As I have been packing up my house for this experiment/journey, I found my copy of The Atlantic with Mr. Rogers on the front of it.  I also found books by Mr. Rogers that clinical psych students have given me over the years because they knew how I admired Mr. Rogers like my hero. To top it off, in my sorting and  packing I found a toy that when you press different buttons you hear Mr. Rogers’ voice saying, “I like you just the way you are.”  Or, “You make each day a special day. You know how, by just your being you.” And, of course, “It’s a beautiful day in the neighborhood.”  It was a perfect thing to find.  It made me think about how I am going about this journey as an experiment and how that gives me room to just accept everything as it is, including myself.

What if every piece of this journey was sacred, and each step or action or thought was done with such attentiveness and acceptance that the meaning of each step was a whole journey by itself ?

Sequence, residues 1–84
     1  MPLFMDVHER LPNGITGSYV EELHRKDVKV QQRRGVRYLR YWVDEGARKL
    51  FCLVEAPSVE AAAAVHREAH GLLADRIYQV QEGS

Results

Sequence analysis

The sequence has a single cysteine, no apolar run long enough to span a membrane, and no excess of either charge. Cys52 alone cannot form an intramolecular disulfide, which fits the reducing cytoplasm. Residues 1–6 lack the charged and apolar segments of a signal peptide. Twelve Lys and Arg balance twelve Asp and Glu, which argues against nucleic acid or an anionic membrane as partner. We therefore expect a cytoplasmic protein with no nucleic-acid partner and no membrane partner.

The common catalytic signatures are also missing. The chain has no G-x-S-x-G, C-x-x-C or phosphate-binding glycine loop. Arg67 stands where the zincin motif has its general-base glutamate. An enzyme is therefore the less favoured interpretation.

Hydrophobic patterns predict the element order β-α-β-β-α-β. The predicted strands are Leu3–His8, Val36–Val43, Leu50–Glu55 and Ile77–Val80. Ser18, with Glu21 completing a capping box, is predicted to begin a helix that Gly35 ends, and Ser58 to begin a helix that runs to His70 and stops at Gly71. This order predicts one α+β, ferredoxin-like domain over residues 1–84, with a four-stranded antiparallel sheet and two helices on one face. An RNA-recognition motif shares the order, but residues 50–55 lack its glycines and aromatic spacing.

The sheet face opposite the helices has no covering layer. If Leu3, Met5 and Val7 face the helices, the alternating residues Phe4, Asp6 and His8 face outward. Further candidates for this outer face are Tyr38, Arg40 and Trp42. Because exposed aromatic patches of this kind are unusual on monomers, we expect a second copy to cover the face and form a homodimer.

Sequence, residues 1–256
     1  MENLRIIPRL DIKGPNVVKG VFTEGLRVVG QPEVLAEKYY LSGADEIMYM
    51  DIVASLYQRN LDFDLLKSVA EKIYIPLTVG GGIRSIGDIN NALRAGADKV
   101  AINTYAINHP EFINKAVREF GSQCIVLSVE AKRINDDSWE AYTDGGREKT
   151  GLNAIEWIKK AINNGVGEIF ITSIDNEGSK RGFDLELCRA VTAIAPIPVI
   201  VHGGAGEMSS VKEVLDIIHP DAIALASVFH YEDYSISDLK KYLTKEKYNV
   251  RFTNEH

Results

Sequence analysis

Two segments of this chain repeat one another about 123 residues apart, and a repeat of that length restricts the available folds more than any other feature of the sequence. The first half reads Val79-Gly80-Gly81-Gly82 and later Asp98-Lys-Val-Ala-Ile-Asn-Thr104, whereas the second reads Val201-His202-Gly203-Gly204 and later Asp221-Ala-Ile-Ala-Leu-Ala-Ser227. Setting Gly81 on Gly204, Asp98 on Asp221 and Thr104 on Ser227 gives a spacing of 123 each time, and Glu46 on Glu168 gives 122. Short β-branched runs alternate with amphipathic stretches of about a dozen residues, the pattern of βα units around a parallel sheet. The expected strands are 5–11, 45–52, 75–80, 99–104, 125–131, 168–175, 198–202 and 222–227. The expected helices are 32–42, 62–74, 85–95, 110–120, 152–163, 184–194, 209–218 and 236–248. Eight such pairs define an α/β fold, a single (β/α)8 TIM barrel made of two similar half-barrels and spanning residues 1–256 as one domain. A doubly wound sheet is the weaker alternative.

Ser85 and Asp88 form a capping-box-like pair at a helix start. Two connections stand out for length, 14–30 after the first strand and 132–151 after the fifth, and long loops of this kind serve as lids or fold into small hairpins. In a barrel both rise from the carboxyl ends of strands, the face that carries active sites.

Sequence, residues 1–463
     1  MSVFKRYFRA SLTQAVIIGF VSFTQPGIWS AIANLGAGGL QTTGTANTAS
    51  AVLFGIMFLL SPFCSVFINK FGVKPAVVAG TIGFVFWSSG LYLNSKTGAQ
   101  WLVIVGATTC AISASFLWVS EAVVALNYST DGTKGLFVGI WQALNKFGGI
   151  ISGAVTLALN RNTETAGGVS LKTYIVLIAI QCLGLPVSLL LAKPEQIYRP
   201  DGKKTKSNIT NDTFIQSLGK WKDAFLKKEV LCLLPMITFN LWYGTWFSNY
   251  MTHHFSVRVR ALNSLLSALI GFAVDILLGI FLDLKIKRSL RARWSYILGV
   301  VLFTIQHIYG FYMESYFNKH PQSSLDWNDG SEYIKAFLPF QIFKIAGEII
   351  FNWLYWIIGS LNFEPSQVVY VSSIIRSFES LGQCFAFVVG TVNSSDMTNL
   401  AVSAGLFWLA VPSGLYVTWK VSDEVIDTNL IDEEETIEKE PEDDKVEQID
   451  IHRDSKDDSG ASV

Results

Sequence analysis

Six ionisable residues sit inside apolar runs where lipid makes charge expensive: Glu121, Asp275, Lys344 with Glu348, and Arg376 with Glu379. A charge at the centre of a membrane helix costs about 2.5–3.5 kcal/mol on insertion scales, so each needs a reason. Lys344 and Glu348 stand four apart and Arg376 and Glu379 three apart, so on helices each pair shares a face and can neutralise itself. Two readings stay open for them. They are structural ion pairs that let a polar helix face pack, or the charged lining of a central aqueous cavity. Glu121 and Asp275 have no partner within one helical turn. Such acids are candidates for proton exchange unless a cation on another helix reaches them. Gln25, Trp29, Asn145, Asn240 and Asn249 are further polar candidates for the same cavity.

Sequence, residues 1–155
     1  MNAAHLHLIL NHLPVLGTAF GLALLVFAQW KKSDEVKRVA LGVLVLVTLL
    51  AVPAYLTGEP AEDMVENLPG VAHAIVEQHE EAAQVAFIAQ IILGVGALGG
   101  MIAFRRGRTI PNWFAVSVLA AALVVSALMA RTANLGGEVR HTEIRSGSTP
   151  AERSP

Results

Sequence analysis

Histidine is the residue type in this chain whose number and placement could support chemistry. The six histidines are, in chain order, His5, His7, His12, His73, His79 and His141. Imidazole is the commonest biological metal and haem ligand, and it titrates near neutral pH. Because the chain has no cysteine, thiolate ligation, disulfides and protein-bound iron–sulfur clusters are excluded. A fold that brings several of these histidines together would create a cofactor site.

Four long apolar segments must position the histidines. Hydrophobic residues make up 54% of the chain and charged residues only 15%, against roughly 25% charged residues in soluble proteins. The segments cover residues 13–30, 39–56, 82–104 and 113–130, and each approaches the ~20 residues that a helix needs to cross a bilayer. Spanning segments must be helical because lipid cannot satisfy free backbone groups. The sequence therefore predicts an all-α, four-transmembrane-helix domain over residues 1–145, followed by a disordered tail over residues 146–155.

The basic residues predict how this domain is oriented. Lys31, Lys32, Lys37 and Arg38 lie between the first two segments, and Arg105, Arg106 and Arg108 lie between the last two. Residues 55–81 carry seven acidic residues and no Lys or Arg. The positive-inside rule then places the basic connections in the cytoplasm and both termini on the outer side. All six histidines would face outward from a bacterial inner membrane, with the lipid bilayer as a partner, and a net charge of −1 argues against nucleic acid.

Listening

“To hold something sacred means valuing something enough to let it change you.” Vijayendra Mohanty

This is an exploration, an experiment; my experiment.  It started with the experience of more doors closing than opening and the realization I didn’t want life to feel so hard.

What if it was Sacred is about change and the unpleasantries of knowing what I need to do and the work it takes to listen to that.  It’s about listening to the quiet voice that says this is the right thing to do even though you are full of anxiety.  Do this even though you will shock people, do this because it is the freedom you long for.  Because you know that deep down it comes from the very wisest place inside you.  It is the constant voice that always hangs around the edges of each idea, of each action and reaction.  And, it says, listen to me, listen to Me. It offers up possibilities that seem completely impossible, crazy, absolutely out of the question. And it talks in whispers getting incrementally louder until it is screaming at me. Do something. Do It. Just do it.